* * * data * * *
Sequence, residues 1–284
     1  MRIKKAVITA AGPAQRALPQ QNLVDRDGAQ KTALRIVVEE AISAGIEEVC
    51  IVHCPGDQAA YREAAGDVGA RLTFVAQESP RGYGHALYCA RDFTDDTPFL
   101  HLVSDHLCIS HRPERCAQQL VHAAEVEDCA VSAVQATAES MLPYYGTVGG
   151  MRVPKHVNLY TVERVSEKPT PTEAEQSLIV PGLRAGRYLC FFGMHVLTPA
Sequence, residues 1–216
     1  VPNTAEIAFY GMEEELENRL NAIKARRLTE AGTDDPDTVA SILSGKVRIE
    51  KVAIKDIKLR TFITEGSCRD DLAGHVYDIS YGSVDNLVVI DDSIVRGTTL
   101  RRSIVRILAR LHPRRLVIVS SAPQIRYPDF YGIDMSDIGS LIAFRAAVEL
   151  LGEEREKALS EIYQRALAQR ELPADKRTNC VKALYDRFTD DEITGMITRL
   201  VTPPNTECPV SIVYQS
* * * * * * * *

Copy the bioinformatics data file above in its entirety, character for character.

Sequence, residues 1–284
     1  MRIKKAVITA AGPAQRALPQ QNLVDRDGAQ KTALRIVVEE AISAGIEEVC
    51  IVHCPGDQAA YREAAGDVGA RLTFVAQESP RGYGHALYCA RDFTDDTPFL
   101  HLVSDHLCIS HRPERCAQQL VHAAEVEDCA VSAVQATAES MLPYYGTVGG
   151  MRVPKHVNLY TVERVSEKPT PTEAEQSLIV PGLRAGRYLC FFGMHVLTPA
Sequence, residues 1–216
     1  VPNTAEIAFY GMEEELENRL NAIKARRLTE AGTDDPDTVA SILSGKVRIE
    51  KVAIKDIKLR TFITEGSCRD DLAGHVYDIS YGSVDNLVVI DDSIVRGTTL
   101  RRSIVRILAR LHPRRLVIVS SAPQIRYPDF YGIDMSDIGS LIAFRAAVEL
   151  LGEEREKALS EIYQRALAQR ELPADKRTNC VKALYDRFTD DEITGMITRL
   201  VTPPNTECPV SIVYQS